As usual, it is a rat's nest on a perf-board, but I'm pretty happy how relatively organized it turned out, considering that it's a pretty big circuit, I think I estimated over 500 solder points.

Check out the action shot here:

Implementation Overview - Physical

    The lettering layout grid was designed in Qcad.  I intentionally made sure the panel layout would fit inside a standard (American) 8.5" X 11" piece of paper, so I could print the lettering on transparencies myself. Here is  an early draft of the layout:

    I used this to plan the placement of 110 5mm LED's on a quarter inch thick piece of plywood, which I then secured with hot glue. (The hardest part of that was finding a time to the noisy drilling in my attic "man cave", I do most of my hobby work after my wife and kids go to bed :) )

    My original plan was to use "dividers" to prevent light from leaking between the words, I got some heavy posterboard and cut into strips that I fashioned into a grid. It looked like crap, and the LEDs I used had a pretty narrow illumination angle, so I scrapped that idea.

    Next, I designed the lettering itself and printed it, "white" letters onto a black background, on to a  transparency. The transparency was then covered with a plain piece of white paper, and a semi-transparent piece of plastic I cut out of a paper binder I bought at an office supply store. I wanted to have the letters obscured when they were not illuminated, so that they would seem to pop out.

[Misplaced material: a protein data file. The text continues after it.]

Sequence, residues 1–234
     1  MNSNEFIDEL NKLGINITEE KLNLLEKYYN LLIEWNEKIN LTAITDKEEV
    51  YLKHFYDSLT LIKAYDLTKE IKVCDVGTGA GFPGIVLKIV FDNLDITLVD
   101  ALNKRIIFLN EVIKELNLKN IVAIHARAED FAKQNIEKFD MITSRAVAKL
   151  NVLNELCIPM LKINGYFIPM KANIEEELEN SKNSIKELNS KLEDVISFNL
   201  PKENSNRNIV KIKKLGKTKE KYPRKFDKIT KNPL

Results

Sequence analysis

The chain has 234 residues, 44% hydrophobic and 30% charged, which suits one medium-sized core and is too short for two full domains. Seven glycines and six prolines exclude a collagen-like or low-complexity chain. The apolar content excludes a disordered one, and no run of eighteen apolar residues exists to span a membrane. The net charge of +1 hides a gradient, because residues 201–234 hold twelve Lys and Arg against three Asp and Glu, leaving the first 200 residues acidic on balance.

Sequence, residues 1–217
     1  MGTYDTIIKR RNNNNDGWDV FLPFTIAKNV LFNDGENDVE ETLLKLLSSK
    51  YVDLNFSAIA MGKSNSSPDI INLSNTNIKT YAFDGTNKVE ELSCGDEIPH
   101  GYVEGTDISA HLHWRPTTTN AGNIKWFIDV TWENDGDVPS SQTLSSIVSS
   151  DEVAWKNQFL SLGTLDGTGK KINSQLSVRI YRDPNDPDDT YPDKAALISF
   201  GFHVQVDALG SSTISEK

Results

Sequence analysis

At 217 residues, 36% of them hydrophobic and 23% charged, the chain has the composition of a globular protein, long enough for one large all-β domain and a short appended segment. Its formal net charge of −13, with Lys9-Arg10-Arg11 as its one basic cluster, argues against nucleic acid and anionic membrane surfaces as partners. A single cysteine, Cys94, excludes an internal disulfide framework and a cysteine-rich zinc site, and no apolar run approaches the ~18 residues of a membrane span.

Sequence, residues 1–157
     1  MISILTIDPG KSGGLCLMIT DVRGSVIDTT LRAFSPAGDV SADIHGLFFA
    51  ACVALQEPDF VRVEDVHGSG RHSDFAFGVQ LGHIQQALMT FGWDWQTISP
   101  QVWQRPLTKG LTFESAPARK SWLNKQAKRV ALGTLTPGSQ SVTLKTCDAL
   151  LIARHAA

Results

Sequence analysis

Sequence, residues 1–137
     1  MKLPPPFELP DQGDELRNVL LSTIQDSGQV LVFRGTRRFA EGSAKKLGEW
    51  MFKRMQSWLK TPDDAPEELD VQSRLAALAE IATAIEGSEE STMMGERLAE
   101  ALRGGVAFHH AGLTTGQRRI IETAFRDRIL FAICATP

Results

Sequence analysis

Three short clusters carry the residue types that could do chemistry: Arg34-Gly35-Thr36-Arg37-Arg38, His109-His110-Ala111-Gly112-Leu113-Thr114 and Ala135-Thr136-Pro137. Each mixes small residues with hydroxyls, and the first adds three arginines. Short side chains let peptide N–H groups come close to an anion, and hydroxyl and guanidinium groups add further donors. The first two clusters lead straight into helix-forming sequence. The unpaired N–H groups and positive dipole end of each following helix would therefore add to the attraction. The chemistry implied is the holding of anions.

The frame cut from some 1X4 poplar boards and stained black. (I would re-use that idea later when I did the Good Times timer). I then used a dremmel to cut a groove around the inside perimeter of the frame that would hold the "face" layers of the clock. This idea didn't work as well as I wanted, an I learned a lesson about testing feasibility of ideas before I progress too far with a design. I'm also not a great wood worker, I get impatient with it, which is odd, because I have considerable patience when it comes to diagnosing software problems. The miter cuts were awful and it does not fit together good enough. This made assembly hard, and you can see light leaking through the corners. I learned in the futures to go toward designs where the wood work does not need to be so precise.

    So there you have it. Like I said, more to come, I've got some schematics in the works, and I shot some video of it in action, stay tuned...

    Next time, I want to get into details on how I used some of the chips I mentioned in this post.